Skip to content

Arrow Sport Model F in SFO’s Terminal 3

3 September 2012

Arrow Sport Model F in SFO’3 Terminal 3

Arrow Sport Model F in Terminal 3 of SFO — photo by Joseph May

The San Francisco Airport Museum & Library uses most of the airport spaces for exhibits, some rotate and some semi-permanent. Truly, it is a joy to spend time there and well worth walking around — but go to the International Terminal for most of the displays as well as the better variety of food. Terminal 3 has a light private aircraft suspended above the escalators, a design with an interesting history.

A closer view of the open cockpit and strut braced low wing (note the radiator underneath the open cockpit) — photo by Joseph May

It is the 1937 Sport Model F which was manufactured by the Arrow Aircraft Corp. out of Lincoln NE. Meant for a developing low cost private aircraft market it used a Ford V-8 automobile engine with a pull-type starter the pilot worked from the open side-by-side cockpit. The economics did not develop as anticipated though the aircraft has a reputation for sturdiness and reliability — with the factory closing in 1940.

The Model F is suspended with a great view from the 2nd floor balcony, escalator or ground floor — photo by Joseph May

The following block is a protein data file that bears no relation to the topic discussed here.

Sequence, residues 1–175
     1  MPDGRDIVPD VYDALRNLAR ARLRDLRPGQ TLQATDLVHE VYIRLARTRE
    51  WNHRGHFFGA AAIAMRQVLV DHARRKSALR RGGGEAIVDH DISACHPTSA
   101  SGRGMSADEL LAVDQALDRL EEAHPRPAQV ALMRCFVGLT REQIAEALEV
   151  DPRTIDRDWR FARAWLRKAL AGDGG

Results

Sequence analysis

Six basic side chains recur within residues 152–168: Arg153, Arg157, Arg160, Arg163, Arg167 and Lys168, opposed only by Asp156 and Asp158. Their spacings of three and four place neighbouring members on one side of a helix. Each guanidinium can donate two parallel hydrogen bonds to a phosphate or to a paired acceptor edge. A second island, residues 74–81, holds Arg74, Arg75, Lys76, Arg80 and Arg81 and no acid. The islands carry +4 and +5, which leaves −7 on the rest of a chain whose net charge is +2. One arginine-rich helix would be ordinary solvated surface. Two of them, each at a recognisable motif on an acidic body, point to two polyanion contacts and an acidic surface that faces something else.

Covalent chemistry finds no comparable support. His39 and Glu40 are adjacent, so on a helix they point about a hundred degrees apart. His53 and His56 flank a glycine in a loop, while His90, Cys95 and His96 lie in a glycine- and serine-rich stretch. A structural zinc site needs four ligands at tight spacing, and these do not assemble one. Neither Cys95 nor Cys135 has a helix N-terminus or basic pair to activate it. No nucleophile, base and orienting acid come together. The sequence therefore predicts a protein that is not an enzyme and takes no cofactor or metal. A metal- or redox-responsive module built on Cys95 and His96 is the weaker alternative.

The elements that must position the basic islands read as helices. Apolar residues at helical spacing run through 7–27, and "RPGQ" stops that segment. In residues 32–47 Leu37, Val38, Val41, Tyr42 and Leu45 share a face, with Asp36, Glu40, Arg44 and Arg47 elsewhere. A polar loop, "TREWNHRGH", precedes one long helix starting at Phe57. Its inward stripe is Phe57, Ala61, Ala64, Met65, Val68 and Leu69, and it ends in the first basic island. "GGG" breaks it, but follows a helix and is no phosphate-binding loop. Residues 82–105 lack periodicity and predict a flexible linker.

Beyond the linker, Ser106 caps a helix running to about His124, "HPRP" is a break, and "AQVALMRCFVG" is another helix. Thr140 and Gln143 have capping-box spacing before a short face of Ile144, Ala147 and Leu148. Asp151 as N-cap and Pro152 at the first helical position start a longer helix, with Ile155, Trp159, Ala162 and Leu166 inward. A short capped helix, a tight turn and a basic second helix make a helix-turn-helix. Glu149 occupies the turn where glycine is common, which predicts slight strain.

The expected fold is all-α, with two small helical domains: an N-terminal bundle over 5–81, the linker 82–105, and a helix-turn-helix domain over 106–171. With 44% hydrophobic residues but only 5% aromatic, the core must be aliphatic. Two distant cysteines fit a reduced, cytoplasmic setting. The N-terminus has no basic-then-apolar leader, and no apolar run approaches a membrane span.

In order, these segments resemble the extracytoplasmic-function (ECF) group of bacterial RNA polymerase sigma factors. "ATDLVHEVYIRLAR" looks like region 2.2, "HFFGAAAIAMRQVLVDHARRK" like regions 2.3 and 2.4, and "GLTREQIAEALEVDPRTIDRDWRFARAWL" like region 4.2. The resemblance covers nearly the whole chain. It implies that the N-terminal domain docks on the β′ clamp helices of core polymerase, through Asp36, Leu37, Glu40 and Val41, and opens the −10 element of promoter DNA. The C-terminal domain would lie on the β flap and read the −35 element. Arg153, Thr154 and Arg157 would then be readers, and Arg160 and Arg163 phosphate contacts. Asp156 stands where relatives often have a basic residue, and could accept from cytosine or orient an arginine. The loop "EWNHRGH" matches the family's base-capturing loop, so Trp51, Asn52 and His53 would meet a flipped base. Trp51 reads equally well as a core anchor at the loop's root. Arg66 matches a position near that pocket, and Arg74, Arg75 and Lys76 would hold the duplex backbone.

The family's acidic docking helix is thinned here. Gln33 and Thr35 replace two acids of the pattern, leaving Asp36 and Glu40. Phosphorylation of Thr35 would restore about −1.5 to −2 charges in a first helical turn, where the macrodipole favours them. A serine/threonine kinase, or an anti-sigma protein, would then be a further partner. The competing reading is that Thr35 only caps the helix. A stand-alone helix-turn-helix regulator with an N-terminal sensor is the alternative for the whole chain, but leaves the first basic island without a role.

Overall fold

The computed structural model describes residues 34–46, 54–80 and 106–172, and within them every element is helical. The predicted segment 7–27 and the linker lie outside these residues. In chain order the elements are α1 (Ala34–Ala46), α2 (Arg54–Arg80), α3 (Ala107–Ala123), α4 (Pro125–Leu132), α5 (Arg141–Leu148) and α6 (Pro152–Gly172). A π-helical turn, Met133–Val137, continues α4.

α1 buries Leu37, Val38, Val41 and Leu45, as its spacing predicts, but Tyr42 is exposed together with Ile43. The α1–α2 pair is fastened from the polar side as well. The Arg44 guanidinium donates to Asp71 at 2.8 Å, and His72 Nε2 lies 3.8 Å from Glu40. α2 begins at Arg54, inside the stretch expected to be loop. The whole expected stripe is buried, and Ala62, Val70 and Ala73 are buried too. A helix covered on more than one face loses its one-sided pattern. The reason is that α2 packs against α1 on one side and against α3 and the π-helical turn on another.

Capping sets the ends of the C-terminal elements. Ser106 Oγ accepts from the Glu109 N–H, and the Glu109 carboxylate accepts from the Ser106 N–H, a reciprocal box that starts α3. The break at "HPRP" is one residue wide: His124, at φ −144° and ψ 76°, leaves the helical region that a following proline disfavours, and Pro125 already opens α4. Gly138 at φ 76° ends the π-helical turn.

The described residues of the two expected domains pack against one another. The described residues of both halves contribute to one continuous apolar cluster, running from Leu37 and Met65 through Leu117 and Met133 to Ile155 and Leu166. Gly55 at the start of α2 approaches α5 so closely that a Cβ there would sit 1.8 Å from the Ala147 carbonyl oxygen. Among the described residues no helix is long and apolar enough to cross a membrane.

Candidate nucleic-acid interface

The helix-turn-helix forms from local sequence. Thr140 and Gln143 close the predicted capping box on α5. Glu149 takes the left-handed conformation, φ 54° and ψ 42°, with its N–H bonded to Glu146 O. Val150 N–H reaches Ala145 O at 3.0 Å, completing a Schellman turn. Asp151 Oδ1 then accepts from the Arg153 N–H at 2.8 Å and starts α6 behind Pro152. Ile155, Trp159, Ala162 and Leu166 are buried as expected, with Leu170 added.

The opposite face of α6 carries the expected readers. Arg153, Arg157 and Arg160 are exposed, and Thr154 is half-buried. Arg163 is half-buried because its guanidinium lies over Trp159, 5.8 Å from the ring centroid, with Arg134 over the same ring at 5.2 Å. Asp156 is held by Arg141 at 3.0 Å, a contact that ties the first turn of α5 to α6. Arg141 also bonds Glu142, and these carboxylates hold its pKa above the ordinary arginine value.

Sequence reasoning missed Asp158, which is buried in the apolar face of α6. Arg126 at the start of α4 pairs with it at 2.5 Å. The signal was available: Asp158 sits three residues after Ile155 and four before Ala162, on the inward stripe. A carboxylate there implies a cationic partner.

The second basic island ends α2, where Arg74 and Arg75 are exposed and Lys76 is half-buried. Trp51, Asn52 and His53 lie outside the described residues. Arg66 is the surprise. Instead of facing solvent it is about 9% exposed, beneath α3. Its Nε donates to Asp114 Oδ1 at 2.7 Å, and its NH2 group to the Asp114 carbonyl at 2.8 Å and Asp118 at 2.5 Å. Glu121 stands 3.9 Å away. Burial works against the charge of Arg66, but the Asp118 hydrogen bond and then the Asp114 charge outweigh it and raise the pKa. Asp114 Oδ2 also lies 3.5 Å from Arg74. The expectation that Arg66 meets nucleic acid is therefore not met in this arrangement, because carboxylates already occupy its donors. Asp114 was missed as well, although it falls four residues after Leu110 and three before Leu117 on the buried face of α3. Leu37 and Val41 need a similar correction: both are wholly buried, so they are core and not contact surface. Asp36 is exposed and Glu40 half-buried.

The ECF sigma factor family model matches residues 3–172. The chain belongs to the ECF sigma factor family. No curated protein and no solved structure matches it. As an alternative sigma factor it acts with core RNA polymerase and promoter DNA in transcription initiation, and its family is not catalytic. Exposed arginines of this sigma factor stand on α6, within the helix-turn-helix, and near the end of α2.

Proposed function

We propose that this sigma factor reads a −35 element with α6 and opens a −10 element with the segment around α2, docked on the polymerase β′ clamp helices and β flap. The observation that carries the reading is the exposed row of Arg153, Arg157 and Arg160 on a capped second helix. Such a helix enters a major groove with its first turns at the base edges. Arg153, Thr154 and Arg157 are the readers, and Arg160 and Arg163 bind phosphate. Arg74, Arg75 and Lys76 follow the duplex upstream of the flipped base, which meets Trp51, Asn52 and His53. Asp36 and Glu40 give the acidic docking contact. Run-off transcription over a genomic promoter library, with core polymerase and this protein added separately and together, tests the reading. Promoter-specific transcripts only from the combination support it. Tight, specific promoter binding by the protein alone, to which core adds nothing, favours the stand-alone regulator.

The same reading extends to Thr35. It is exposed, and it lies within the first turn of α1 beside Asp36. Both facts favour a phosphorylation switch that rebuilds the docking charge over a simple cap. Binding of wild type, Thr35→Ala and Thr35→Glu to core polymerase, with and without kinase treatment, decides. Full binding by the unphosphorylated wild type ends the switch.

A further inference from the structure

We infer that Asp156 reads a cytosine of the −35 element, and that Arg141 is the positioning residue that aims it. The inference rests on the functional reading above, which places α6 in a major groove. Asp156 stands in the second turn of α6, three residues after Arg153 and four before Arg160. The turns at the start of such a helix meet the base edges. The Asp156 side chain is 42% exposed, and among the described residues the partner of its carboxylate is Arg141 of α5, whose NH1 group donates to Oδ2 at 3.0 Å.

4 Comments leave one →
  1. 22 June 2015 10:55

    Enjoy seeing this fine looking historic American airplane on display at SF International. My father owned one of these planes in Los Angles in 1939. He was a mid-western young man that moved to California to learn how to fly. Sold his car and bought this plane. Then became a mechanic on P-38s in WW2. A great story. Thanks again for this information on this very sexy looking aircraft. Don Etchison

    • travelforaircraft permalink*
      23 June 2015 22:26

      More than welcome and glad to help 🙂

  2. william permalink
    17 July 2017 19:34

    i love it..wish i could see it in person..also my father w.e.tucker had a arrow sport plane that he sold to ray morris back in the 70’s or 80’s . not sure where it is now but would very much like to know.i grew up with it in our garage..

    • travelforaircraft permalink*
      3 August 2017 15:35

      Often it is fun to find the history of an individual aircraft. I’m glad you and your dad enjoyed yours.

Leave a Reply

Fill in your details below or click an icon to log in:

WordPress.com Logo

You are commenting using your WordPress.com account. Log Out / Change )

Twitter picture

You are commenting using your Twitter account. Log Out / Change )

Facebook photo

You are commenting using your Facebook account. Log Out / Change )

Google+ photo

You are commenting using your Google+ account. Log Out / Change )

Connecting to %s

%d bloggers like this: